Tom Jervis is a retired educator and research scientist having worked at the Los Alamos National Lab for over twenty years. He has taught physical science and environmental studies at the university level and spent many years doing research in materials science at Los Alamos. He holds a bachelor's degree in physics from Colorado College and a Ph.D. in Applied Physics from Cornell University. As an avid birder, he has long been associated with the Audubon Society, serving in many positions at the local, state, and national levels. Mr. Jervis works with the Audubon Society on statewide conservation issues and is an active member and former President of the New Mexico Audubon Council. Additionally, he serves on the U.S. Forest Service’s advisory group for the Collaborative Forestry Restoration Program and serves on the New Mexico Game and Fish Department’s advisory committee called Share with Wildlife. He is working on documenting the life of William Gambel, a naturalist who passed through Santa Fe in the mid-1800s.

Cece Derringer
Cece is the Director of Development at the Santa Fe Chamber Music Festival. For over 30 years, Cece has worked in community based for-profit and nonprofit organizations specializing in resource development and capital campaigns. Cece has held the positions of Director of the New Mexico School for the Arts-Art Institute and Chief Investment Officer of Homewise. Prior to moving to Santa Fe, Cece lived for 26 years in Hawaii and worked with ABC-TV as the national marketing manager, taught in a private high school and served as a board member and project manager for several nonprofit organizations in Honolulu. Cece graduated with honors from the University of New Hampshire with a BS/Ed. and MEd and the Community Development and Leadership and Non-Profit Management program at the John F. Kennedy School of Government at Harvard University. Cece has been a resident of Santa Fe since 2003 and enjoys cycling, opera, chamber music and jazz and her home and garden.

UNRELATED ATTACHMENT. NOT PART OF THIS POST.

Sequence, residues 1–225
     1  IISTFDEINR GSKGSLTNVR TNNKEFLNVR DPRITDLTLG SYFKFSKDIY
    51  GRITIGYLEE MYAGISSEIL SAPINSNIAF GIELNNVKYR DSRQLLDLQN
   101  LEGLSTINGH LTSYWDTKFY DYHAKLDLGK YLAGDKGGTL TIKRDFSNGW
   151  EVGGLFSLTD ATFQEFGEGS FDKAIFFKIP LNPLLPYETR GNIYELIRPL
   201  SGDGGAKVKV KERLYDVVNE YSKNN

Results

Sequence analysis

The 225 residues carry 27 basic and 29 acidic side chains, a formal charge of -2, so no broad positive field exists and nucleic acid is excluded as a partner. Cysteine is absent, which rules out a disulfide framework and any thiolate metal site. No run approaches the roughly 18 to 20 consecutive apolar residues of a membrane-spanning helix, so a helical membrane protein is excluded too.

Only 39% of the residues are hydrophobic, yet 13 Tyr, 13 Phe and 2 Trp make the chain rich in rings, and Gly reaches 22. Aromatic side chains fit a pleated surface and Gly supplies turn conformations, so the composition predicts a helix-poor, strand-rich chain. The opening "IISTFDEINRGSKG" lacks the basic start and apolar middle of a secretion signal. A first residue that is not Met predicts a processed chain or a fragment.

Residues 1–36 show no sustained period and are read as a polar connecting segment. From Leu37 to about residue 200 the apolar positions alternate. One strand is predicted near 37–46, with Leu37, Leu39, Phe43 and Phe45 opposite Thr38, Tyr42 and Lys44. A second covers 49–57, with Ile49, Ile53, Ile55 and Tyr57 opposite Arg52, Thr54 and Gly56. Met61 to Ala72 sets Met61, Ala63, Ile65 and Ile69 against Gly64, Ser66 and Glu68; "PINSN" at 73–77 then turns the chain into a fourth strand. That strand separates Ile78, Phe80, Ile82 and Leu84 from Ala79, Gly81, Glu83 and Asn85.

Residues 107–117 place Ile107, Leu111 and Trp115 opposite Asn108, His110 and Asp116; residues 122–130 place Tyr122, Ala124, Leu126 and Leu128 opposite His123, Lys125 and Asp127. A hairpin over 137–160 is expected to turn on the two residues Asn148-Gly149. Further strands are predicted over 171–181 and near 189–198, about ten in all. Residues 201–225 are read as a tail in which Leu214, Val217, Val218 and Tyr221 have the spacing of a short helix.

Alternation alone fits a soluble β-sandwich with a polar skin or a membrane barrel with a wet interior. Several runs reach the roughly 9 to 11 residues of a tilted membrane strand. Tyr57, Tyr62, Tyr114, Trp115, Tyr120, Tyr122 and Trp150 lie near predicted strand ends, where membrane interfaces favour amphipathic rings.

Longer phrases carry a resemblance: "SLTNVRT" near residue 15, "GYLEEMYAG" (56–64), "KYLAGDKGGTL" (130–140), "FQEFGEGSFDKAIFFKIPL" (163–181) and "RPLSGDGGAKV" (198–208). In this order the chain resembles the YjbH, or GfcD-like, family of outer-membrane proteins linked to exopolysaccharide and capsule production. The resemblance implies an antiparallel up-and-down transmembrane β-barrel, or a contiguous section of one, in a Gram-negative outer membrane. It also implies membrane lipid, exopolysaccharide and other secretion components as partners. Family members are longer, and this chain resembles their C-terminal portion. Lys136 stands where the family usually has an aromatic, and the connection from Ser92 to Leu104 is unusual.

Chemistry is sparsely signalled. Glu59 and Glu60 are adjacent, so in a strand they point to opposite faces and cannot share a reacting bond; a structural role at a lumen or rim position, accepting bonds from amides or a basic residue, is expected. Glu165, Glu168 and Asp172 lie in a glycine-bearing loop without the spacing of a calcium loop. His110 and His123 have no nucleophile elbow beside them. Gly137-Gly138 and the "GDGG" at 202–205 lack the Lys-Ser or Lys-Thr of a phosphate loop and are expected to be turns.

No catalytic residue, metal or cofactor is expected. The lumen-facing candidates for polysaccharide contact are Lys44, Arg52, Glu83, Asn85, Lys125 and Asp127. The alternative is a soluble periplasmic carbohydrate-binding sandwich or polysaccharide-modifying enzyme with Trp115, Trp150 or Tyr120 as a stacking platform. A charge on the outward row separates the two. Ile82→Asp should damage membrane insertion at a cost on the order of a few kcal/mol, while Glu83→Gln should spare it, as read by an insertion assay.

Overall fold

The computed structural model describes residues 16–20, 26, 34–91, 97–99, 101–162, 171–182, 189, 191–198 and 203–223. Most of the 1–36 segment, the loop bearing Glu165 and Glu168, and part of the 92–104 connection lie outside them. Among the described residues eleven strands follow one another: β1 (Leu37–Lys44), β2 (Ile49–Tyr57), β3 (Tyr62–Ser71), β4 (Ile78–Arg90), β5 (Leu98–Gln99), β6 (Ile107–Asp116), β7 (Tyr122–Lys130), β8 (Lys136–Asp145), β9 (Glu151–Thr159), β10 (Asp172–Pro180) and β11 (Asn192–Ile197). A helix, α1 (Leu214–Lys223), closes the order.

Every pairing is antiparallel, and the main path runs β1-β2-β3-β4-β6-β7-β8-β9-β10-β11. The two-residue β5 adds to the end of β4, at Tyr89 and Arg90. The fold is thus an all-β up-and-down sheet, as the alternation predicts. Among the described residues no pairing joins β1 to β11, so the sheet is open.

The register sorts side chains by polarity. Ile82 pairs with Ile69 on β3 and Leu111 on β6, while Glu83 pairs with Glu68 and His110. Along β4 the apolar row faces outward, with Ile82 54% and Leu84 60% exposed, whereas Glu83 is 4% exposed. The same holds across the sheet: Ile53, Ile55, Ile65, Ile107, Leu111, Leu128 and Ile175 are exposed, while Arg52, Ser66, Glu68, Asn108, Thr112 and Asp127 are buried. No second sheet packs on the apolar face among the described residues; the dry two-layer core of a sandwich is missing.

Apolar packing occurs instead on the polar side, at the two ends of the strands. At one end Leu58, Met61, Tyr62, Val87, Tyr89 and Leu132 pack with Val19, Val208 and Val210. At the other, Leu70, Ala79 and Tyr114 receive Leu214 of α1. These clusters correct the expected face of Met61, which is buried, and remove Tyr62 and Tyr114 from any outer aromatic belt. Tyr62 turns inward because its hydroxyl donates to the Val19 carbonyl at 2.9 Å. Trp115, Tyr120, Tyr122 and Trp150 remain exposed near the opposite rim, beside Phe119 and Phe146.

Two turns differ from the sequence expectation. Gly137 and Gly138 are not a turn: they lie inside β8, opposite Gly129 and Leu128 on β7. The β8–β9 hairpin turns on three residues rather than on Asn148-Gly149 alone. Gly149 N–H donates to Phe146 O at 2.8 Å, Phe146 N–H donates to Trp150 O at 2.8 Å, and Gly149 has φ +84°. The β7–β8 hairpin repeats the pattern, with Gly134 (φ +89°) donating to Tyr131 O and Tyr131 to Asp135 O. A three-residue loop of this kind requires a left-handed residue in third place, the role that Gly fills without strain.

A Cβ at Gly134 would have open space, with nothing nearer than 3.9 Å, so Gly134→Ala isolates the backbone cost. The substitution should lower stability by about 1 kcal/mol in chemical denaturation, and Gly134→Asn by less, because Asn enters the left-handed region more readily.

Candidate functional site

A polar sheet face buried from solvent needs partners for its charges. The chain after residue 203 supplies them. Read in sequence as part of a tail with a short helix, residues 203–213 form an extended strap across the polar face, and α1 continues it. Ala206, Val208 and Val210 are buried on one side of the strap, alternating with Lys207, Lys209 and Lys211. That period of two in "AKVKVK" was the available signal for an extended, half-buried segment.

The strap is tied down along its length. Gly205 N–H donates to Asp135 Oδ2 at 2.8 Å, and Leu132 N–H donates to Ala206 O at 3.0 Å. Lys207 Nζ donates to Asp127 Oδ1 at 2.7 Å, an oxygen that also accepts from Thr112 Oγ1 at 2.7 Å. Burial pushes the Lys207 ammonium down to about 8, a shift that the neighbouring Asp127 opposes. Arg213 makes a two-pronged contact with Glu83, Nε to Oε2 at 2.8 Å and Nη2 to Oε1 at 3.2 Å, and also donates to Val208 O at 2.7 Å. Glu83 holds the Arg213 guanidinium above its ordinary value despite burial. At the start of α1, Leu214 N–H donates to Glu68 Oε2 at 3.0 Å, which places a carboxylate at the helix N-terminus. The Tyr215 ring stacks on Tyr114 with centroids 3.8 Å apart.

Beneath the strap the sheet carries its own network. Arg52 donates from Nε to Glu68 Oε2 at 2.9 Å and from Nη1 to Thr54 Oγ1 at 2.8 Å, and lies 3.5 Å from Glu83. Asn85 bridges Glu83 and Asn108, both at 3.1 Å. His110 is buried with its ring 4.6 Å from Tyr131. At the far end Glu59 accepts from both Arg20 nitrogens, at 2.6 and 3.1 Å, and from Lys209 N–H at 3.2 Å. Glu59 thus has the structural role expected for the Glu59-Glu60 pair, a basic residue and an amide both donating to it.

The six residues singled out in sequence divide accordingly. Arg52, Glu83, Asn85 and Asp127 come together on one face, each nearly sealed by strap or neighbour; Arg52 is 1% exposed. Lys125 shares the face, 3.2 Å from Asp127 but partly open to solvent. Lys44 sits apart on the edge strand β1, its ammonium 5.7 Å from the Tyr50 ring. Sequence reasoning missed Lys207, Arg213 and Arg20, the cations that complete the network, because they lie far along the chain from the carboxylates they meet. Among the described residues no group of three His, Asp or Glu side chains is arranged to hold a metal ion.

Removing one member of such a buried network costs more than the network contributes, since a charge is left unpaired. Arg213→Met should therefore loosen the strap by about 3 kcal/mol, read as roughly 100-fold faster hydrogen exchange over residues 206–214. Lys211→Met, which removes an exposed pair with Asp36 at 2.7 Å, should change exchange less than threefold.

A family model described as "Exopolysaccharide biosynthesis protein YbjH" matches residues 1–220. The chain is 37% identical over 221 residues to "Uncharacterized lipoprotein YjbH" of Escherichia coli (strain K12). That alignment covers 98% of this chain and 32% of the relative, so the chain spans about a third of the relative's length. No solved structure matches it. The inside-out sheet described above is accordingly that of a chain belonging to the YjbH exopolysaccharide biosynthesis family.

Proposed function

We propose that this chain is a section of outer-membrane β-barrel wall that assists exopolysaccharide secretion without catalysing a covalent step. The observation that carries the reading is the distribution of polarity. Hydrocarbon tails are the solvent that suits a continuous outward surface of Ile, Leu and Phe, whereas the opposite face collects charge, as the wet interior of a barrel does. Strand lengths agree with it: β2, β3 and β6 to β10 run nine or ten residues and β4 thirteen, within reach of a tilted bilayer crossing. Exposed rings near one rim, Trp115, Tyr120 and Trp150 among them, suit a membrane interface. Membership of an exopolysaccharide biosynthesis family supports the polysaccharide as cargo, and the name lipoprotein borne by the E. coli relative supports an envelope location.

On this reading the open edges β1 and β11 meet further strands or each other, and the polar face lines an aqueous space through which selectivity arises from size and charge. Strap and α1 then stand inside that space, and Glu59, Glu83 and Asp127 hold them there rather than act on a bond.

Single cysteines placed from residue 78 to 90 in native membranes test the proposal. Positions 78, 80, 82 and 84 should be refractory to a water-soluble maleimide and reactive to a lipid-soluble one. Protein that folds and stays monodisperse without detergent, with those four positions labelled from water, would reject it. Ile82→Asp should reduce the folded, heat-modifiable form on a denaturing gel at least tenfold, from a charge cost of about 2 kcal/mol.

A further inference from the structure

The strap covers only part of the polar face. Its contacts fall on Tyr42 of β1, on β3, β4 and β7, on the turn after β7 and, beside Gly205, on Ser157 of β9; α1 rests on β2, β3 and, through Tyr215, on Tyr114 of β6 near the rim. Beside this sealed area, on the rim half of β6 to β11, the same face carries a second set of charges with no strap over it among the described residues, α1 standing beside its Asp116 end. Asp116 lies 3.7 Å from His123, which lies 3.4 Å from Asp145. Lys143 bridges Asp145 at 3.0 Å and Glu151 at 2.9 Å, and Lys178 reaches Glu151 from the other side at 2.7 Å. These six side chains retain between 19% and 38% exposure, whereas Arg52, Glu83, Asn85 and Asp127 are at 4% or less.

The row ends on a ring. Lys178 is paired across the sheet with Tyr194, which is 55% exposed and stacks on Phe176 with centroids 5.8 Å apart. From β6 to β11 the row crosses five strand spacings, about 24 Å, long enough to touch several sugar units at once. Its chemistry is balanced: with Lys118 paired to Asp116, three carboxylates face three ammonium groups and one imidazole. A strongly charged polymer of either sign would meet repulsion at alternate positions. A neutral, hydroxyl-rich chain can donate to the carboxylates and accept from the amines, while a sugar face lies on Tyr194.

Megan Ruehmann
 Megan is a wildlife biologist for the consulting group Eagle Environmental, Inc. She brings over 15 years of technical expertise and experience to the Audubon New Mexico Board, with the majority of that time focused on field ornithology. She received her B.S. in Conservation Science from the College of Santa Fe in 2000, where a professor sparked her interest in bird song identification, and then earned her M.S. in Wildlife Science from New Mexico State University in 2008. Megan has worked for federal and state agencies, non-profit organizations, and consulting companies, enabling a broad understanding of species conservation and land management practices. She has been involved in management and survey efforts for many species of conservation concern such as Greater Sage-grouse, Lesser Prairie-chicken, Bald Eagle, Golden Eagle, Mexican Spotted Owl and Peregrine Falcons. She and her husband John live in Silver City, where they are usually found chasing a rare bird or endemic plant, backpacking or planning their next adventure.